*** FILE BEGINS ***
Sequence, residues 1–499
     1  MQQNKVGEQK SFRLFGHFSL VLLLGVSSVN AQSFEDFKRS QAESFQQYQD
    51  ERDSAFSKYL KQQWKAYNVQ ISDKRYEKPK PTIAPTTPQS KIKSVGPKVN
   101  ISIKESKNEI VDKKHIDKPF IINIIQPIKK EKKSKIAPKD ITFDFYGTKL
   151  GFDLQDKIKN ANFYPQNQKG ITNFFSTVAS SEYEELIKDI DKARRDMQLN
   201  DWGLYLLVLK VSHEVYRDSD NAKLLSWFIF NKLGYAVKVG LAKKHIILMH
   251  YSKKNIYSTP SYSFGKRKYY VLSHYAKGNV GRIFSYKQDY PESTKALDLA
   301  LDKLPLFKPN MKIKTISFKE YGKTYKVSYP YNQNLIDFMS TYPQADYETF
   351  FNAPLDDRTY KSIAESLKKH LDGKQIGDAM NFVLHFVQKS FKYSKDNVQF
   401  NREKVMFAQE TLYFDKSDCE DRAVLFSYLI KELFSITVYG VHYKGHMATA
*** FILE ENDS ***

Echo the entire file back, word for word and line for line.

Sequence, residues 1–499
     1  MQQNKVGEQK SFRLFGHFSL VLLLGVSSVN AQSFEDFKRS QAESFQQYQD
    51  ERDSAFSKYL KQQWKAYNVQ ISDKRYEKPK PTIAPTTPQS KIKSVGPKVN
   101  ISIKESKNEI VDKKHIDKPF IINIIQPIKK EKKSKIAPKD ITFDFYGTKL
   151  GFDLQDKIKN ANFYPQNQKG ITNFFSTVAS SEYEELIKDI DKARRDMQLN
   201  DWGLYLLVLK VSHEVYRDSD NAKLLSWFIF NKLGYAVKVG LAKKHIILMH
   251  YSKKNIYSTP SYSFGKRKYY VLSHYAKGNV GRIFSYKQDY PESTKALDLA
   301  LDKLPLFKPN MKIKTISFKE YGKTYKVSYP YNQNLIDFMS TYPQADYETF
   351  FNAPLDDRTY KSIAESLKKH LDGKQIGDAM NFVLHFVQKS FKYSKDNVQF
   401  NREKVMFAQE TLYFDKSDCE DRAVLFSYLI KELFSITVYG VHYKGHMATA